They’ve had continuous coverage for almost 15 hours now, and I don’t see it stopping. We missed Bush’s speech to go to the Prayer Service at Church, and I think I’ll keep the bulletin—it’s an interesting piece of history. I guess today is a pretty significant piece of history too. It’s just absolutely insane.
My friend April recently introduced me to OhLife, a dead-simple daily journaling service. You get an email each day with a previous journal entry. At first it’s yesterday’s entry, then last week’s, last month’s and last year’s. You respond to the email with today’s journal entry.
The thing I really love about this is how it subtly encourages good journaling habits. It took many years of journal-writing for me to learn these two important truths:
- Whenever you write, you should have a reader in mind. For a journal, the reader is your future self. Future You is the only person who will ever care to read this.
- The only way to become a better journaler is to read your old journals. Put another way: you won’t write boring entries for months on end if you’re forced to read them!
By sending you a past journal entry with each prompt, OhLife nails both of these.
Another journaling trap is to make each entry a list of the things you did today. This will be quite dull for your future self to read. What’s more interesting is the internal stuff: what are you looking forward to? how do you feel about other people and events? You’re likely to forget how you felt in the past as new information comes in.
How could OhLife discourage thing-listing? Perhaps by including content from Timehop. If your year-ago journal entry automatically included all your Foursquare check-ins and your texts, you’d be less tempted to list them out in today’s journal entry.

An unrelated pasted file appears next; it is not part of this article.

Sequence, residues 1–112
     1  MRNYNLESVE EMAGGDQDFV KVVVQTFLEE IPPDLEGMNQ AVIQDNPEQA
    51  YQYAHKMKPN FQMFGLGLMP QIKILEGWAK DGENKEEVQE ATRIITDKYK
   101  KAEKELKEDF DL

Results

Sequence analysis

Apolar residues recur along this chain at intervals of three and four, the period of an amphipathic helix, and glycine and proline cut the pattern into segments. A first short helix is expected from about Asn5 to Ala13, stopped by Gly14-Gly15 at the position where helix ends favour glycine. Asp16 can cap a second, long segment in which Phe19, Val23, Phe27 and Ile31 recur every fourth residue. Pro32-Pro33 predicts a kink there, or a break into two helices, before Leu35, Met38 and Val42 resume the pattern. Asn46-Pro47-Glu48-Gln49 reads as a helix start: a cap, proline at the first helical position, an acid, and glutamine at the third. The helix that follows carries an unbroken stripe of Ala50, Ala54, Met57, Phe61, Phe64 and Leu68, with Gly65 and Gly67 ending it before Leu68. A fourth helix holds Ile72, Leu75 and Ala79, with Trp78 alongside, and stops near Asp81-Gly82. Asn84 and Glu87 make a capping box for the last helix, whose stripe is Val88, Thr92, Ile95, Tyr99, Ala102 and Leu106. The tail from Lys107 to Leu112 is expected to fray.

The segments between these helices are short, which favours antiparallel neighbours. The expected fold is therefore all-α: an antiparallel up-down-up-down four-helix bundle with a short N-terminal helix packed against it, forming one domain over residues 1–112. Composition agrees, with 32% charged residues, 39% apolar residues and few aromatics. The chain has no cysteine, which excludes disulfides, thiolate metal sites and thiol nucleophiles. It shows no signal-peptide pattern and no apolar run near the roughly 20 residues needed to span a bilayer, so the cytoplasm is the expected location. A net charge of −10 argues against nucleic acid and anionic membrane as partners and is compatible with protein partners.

If journaling is your cup of tea, I would highly recommend OhLife!
I recently found a disk image I made from an old, circa 1997 hard drive. Back then we used ClarisWorks for all of our word processing needs. I quickly ran into my own version of the Digital Dark Age: how to read these ancient files? I spent enough time figuring this out that I owe it to the web to write up the process.
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Nearly two years ago, I wrote about launching the Sunrise/Sunset Onebox, which tells you when the sun will rise or set in any location.
You trigger it in English by search for [sunset nyc] or even just [sunset] to get times for your current location.
Over the weekend, I launched the onebox in 30+ new languages. It’s pretty cool to see your work in a language that you don’t understand. Here are a few examples:
Arabic: [غروب الشمس في المدينة المنورة] = [sunset in medina]
Or in Vietnamese: [mặt trời mọc Hà Nội] = [sunrise in Hanoi]
Or in French: [coucher de soleil paris] = [sunset paris]
The translated onebox is proving particularly popular in Arabic-speaking countries, where the sunrise is important for prayer times. It will be interesting to see whether there’s a spike in Hebrew queries on Friday, when Israel observes the sabbath beginning at sundown.
This launch has been more of a slog than I ever would have expected, so it’s gratifying to see it out there in the wild, being used. The world’s languages are a baffling mix of left-to-right and right-to-left. Arabic gets a special shout-out here for its plural forms. It has different word endings for quantities of 1, 2-10 and 11+!